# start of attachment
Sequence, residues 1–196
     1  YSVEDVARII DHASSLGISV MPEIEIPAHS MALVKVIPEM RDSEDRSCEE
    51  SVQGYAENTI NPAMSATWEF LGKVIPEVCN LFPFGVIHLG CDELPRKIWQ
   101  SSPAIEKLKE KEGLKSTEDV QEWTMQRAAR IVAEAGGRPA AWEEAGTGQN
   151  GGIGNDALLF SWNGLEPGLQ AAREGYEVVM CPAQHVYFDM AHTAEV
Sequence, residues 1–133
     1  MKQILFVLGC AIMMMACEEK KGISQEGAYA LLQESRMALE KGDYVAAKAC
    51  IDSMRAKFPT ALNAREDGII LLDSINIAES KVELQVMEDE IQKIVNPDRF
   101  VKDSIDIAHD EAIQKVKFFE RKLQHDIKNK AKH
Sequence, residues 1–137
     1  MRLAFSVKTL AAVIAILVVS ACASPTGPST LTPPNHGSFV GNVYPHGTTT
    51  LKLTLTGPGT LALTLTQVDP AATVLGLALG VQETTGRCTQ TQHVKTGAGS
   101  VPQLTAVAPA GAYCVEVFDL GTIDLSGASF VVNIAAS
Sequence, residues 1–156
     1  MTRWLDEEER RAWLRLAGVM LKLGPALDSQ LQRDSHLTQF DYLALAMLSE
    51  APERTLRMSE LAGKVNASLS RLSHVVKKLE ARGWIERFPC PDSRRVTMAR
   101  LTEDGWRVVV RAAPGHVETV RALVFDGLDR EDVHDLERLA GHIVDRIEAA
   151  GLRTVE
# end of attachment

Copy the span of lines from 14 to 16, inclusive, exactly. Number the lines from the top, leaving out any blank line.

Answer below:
Sequence, residues 1–156
     1  MTRWLDEEER RAWLRLAGVM LKLGPALDSQ LQRDSHLTQF DYLALAMLSE
    51  APERTLRMSE LAGKVNASLS RLSHVVKKLE ARGWIERFPC PDSRRVTMAR